Another hour or two in the car, fighting with my maps to decide where I chose, G/NP-006, Great Shunner Fell.
A pleasant drive in sunshine soon saw me parked up at the south end of the Buttertubs pass, overlooking Hawes and Wensleydale. I treated myself to a bottle of red merlot and celebrated the drying out of both boots and socks. It rained again that night again and it looked grim again in the morning. I thought about going home. Dark cloud everywhere, but the wx forecast looked promising.
I set off following the faint track/quadbike path via the ‘coal pits’, Ahead of me, a young man (well younger than my 69 years.) was in front, carrying what looked like a vhf/uhf aerial of some sophistication and a large rucksac… Oh, dear I didn’t want to share my activation with anyone else! I threw the rest of my kit quickly in my bag and set off after him determined I’d bag the summit first, but also wondering what he was up to… But then he turned south, off the path and out of sight.
I needed to check the map. To my alarm I discovered I’d left it behind!. Do I go back? I’d never been on this hill before and the summit was out of sight. Every instinct told me to go back and fetch the map. The car beckoned a long way away, glinting brightly at me in contrast to the grey skies. But I had my compass and I knew if need to retreat I only needed to go East - and the fence was also a useful handrail for my return. Using my OS Locate app on my phone I recorded the few changes of direction I made along the fence line and photographed the way back from each location - I now had ‘waypoints’ to follow in reverse. Following this fence up hill however, I soon discovered I’d arrived at the top in just less than an hours walk from the car! Relief!! And as a bonus, it was now sunny and another nicely built wall shelter provided shelter from the strong winds. I set up office in the sun. Like before I was wearing two fleeces and a set of waterproofs. The builders gloves worked a treat. My morse was back to normal - which I hope is good.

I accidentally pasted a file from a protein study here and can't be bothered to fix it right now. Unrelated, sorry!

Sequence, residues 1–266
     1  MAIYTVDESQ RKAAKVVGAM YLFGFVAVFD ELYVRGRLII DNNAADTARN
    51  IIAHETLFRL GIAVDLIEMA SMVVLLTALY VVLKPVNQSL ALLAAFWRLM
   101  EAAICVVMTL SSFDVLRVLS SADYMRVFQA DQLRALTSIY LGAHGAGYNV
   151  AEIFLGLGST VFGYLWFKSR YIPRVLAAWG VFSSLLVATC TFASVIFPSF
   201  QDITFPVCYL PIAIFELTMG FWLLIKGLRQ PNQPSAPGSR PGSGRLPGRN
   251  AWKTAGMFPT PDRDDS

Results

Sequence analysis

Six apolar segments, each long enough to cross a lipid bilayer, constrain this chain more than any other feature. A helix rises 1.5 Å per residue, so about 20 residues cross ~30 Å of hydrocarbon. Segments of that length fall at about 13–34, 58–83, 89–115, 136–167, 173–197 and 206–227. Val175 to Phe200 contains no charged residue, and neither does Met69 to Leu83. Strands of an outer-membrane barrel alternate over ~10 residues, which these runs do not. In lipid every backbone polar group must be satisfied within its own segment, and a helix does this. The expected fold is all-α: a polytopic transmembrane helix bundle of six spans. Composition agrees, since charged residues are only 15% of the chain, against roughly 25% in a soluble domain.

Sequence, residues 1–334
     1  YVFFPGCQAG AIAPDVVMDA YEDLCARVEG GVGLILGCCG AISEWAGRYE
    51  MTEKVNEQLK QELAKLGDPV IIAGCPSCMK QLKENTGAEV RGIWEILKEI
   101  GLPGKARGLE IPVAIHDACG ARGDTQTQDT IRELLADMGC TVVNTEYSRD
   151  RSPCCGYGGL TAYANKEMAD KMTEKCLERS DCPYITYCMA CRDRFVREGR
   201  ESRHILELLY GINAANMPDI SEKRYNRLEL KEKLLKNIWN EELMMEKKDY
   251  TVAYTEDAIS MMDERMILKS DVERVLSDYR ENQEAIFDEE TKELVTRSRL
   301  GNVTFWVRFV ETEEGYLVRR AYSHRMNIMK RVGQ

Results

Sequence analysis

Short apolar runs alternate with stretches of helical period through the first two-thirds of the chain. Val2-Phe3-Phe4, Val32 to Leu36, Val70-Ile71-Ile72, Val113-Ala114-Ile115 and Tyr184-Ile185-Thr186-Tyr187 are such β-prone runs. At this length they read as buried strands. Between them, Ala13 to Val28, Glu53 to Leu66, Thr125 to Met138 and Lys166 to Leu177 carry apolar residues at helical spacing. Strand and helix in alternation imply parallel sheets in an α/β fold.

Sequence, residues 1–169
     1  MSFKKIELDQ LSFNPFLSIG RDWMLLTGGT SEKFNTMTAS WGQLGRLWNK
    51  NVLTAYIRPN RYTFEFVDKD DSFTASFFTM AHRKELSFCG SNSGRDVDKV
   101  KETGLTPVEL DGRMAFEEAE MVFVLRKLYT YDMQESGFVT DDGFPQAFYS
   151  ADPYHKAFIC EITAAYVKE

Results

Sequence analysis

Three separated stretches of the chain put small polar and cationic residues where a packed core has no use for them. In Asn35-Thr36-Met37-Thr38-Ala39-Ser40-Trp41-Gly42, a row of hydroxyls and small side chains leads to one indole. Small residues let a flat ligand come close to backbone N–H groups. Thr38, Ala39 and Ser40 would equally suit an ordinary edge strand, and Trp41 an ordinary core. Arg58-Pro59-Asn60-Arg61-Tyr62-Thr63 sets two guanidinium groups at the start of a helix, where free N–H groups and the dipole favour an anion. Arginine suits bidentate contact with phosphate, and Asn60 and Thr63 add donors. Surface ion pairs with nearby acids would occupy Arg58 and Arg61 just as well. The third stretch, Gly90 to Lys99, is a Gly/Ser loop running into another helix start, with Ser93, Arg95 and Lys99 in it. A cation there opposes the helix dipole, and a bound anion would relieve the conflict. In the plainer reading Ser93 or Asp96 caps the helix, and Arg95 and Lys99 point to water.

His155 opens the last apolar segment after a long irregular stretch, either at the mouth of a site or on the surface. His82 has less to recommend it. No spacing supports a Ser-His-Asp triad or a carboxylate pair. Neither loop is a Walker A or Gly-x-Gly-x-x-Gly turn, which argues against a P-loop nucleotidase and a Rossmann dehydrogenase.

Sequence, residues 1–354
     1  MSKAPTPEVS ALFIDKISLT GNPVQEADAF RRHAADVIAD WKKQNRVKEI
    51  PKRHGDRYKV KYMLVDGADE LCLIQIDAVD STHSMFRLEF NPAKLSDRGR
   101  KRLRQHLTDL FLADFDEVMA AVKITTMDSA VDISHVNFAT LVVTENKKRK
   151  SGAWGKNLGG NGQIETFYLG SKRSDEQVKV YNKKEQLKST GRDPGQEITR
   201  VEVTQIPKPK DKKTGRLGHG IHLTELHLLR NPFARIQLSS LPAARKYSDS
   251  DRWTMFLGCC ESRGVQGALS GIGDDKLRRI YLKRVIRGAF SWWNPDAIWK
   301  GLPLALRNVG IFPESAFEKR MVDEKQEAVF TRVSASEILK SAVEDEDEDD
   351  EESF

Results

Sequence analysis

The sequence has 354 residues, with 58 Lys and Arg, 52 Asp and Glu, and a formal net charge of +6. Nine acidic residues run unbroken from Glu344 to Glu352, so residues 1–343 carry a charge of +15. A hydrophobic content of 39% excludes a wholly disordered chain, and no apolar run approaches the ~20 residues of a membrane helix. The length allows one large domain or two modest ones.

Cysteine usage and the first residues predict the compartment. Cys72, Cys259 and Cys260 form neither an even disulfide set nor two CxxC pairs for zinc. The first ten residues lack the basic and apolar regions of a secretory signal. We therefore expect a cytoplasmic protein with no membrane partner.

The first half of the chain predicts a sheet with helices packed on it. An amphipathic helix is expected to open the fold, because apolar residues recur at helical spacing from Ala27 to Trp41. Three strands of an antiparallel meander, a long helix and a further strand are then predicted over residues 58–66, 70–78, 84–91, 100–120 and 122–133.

Note on radio kit. YouKits, familiar I guess to many, has internal batteries but I had no way of re-charging them so I’d brought along a 2amp slab battery (the orange package). The morse key an old army model bought for £15 and an excellent morse key if somewhat heavier than some would like. (GYSS had told me it was, “a lot of atoms”, when he held it in his hand some weeks before at our club meetings - thought that an amusingly witty description of something heavier than he’d prefer!), 2 pencils, JVC headphones purchased for £2 from a charity shop. My logbook and a flexible clipboard with a growing list of SOTA callsigns & names someone had posted on The Reflector. I always feel slightly honoured when chasers greet me with my name. So I’m making an attempt to do the same to chasers! Ideally I guess there must be a logging program I could use on my Ipad that would do both jobs.
I had an extremely week phone signal at the summit and I was lucky to be quickly spotted by the RBN as I was unable to self spot.
14mhz at 1100utc again produced the most QSOs (8) followed by a few on 10mhz and after twiddling with the rusting crocodile clips on my linked dipole I fixed the 7mhz link and I got another couple of QSO’s on 7mhz, including a call from a GM callsign with the suffix, /A, the only time I’ve heard it used. I packed up after an hour. No more chasers.
On my way home I decided it would be much more sensible to plan what I was going to activate before I set off as I’d wasted so much time in the car struggling with maps and my list of SOTA summits!
Arriving back home later that day I discovered the weather at home had been warm and sunny with not a cloud in the blue skies or anything stronger than a light breeze. Our new dog, Jack bounced up and greeted me. “I’ll take you next time Jack”, I told him. I took him out for a short run the cabin fever long gone. It was a good 3 days for me and I learned a few more lessons about operating in the hills!